Colliding Stars, Black Holes And Gravitational Waves: How Astronomers Could Change Physics in 2018

Updated | 2017 was a big year for gravitational wave science, which won this year's Nobel Prize and caught four new detections, including the first-ever detection of two merging neutron stars. But there are still signals astrophysicists believe should exist but that the American Laser Interferometer Gravitational-Wave Observatory, or LIGO, detectors and their European counterpart Virgo have yet to detect.

"I think probably the most exciting thing would be a black hole-neutron star [collision]," Raffaella Margutti, an astrophysicist at Northwestern University, told Newsweek. That's the one type of stellar merger scientists have yet to spot with gravitational waves.

So far, LIGO has detected five black hole mergers, of the densest celestial bodies that exist and that are undetectable except through gravitational waves, and one neutron star merger, of smaller, slightly less dense stars, which produced an accompanying burst of light called a kilonova. But black holes and neutron stars should also be perfectly capable of colliding with each other. "They should be there in nature, so sooner or later we should find one," Margutti added.

Predicting what precisely that signal will look like is still tricky business. "It's going to be a chirp like the other two—so that is to say, something that sweeps up in frequency and gets stronger as it sweeps up," said Peter Saulson, a physicist at Syracuse University who works on the LIGO detectors. How fast the signal sweeps through LIGO's listening range will tell astrophysicists about the masses involved: LIGO registered the first black hole merger for a little more than a tenth of a second and the first neutron star for a little more than a minute, due to the 20-fold difference in masses involved.

Scientists' theories about a neutron star merger offer an optimistic evaluation of our predictions, Margutti said. "The predictions were actually very, very accurate in that case, and that's amazing considering the level of uncertainty that was in the models." Unfortunately, astrophysicists haven't spent as much effort on modeling what a mixed merger might look like, in part because they're predicted to be a rarer occurrence.

Read more: Timing Was Everything for Discovery of Gold-Producing Neutron Star Collision 130 Million Light-Years Away

Margutti adds that there should be some form of light signal associated with a mixed black hole-neutron star merger, just as there was for this year's binary neutron star detection. "That said, I would not trust any prediction that we have—it's really an open game," she said. "I think that we will learn a lot from the first that we will see."

There's no way to predict when that first observation will come, since that depends on just how many black hole-neutron star pairs there are dancing around each other throughout the universe. And understanding that tally is one of the reasons astrophysicists want to start spotting these mergers. "There's definitely guesses out there, and we just don't know whose estimate is right," Saulson said. "Now that we're in the business of finding things, we can say, well, soon we'll know."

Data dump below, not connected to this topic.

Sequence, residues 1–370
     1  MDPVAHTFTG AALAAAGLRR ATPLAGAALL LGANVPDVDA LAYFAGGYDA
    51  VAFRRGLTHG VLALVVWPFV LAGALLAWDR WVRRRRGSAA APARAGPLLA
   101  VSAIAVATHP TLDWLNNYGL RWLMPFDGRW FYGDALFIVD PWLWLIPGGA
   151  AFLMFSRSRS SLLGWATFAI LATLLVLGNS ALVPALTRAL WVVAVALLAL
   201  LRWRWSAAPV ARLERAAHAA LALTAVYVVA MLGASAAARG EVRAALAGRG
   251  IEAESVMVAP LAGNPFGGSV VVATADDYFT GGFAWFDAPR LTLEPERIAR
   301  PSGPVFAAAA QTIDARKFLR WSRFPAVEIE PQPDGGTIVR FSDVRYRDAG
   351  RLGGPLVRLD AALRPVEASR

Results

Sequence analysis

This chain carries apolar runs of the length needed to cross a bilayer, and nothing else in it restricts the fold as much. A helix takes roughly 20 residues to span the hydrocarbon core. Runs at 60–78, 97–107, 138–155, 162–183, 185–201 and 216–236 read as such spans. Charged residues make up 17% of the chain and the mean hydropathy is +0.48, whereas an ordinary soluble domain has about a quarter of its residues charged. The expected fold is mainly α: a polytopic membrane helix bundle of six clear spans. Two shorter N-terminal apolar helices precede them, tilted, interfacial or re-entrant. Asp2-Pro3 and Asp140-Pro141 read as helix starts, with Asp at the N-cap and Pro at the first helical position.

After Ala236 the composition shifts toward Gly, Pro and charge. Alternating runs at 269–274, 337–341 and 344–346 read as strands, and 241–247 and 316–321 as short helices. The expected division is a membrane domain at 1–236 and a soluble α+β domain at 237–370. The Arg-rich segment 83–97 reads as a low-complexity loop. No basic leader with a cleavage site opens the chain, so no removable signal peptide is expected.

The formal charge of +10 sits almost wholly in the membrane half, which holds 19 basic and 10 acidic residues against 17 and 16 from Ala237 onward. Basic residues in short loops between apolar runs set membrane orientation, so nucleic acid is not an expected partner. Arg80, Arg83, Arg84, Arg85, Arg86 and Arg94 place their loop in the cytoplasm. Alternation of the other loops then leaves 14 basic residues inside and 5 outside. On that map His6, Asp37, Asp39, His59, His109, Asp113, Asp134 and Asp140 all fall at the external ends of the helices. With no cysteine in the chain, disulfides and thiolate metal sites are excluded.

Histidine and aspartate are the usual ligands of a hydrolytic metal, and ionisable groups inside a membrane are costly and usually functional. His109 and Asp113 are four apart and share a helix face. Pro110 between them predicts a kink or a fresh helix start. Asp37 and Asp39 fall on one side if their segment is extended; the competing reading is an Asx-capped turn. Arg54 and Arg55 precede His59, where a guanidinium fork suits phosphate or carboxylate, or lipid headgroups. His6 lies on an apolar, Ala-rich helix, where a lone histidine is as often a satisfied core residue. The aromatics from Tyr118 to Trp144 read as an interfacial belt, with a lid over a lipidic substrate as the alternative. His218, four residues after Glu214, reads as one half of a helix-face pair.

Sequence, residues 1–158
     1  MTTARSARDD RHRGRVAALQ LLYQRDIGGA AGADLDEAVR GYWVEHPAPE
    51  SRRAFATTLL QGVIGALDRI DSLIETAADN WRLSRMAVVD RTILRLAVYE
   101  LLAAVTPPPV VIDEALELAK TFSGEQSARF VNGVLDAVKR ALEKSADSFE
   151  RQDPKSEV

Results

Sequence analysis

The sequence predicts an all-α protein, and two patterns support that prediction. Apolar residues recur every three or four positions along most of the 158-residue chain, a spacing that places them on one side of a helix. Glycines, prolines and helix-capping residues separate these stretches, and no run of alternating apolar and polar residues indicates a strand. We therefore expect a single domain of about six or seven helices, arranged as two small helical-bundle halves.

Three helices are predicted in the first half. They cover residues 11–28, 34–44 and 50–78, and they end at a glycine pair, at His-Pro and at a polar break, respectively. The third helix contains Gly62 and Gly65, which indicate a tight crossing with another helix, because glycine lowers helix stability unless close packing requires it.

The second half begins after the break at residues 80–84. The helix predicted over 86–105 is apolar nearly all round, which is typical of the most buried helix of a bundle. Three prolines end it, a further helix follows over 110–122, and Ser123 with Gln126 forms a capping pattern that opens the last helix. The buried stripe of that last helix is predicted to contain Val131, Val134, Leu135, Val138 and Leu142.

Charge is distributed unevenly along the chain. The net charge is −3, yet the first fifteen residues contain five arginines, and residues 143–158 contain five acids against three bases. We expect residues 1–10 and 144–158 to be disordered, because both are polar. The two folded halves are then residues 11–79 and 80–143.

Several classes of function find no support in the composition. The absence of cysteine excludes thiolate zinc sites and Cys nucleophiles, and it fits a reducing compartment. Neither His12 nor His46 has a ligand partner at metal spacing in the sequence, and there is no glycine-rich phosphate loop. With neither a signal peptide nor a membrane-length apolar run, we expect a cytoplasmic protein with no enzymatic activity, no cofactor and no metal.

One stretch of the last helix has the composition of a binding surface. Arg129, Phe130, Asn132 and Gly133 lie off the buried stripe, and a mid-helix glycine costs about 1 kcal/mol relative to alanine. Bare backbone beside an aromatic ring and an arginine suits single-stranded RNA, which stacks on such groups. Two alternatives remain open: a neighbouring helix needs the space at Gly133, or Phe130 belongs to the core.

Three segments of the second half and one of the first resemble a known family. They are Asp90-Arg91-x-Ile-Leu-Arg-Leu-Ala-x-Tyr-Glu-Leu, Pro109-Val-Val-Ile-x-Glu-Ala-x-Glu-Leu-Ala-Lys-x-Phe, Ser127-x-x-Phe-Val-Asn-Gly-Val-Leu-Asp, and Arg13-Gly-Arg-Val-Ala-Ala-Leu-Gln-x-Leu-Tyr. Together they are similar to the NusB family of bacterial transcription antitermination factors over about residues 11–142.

An artist's rendering of the collision of two neutron stars. Carnegie Institution for Science

But whether or not that moment comes in 2018, there are a few other signals gravitational wave detectors could pick up next year as well. "Every single time you deform spacetime, you produce gravitational waves," Margutti said. In order for us to hear them here on Earth, that deformation needs to be asymmetrical, which limits our probability of catching any given signal with current technology.

Those signals would be very different from the chirps of mergers, however. One possibility is a steady tone from special type of neutron star called a pulsar, Saulson said, or a hiss that originated in the universe's very first moments. ("Do people know what static is anymore?," he joked to explain what that background hiss would sound like.) We could even eavesdrop on a supernova, a giant explosion as a distant star dies, assuming we get lucky about its precise characteristics. "That would be a really brief blip, even shorter than the chirps from black holes, but the details of what that signal would look like are very difficult to calculate," Saulson said. "The physics is a lot more complicated."

Right now, the LIGO detectors aren't hearing anything, turned off for a year of technical upgrades that astrophysicists hope will mean the instruments will be ready to pick up even more signals. They'll resume observations in the fall of 2018, with all eyes on what new phenomena they may spot.

This story has been updated to remove an inaccurate characterization of scientists' predictions of what black hole binary and mixed mergers would sound like.